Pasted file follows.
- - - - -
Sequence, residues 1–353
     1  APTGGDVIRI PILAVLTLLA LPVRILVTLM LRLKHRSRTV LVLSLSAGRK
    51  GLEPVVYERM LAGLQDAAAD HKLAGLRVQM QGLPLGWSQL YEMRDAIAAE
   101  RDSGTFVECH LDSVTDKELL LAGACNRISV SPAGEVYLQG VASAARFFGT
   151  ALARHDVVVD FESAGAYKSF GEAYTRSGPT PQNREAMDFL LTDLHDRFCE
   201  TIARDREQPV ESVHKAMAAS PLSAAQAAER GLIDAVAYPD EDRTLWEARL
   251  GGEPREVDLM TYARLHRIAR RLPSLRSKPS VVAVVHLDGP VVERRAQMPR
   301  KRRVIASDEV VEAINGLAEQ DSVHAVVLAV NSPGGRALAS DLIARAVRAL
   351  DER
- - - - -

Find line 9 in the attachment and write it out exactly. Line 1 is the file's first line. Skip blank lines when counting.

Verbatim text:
   351  DER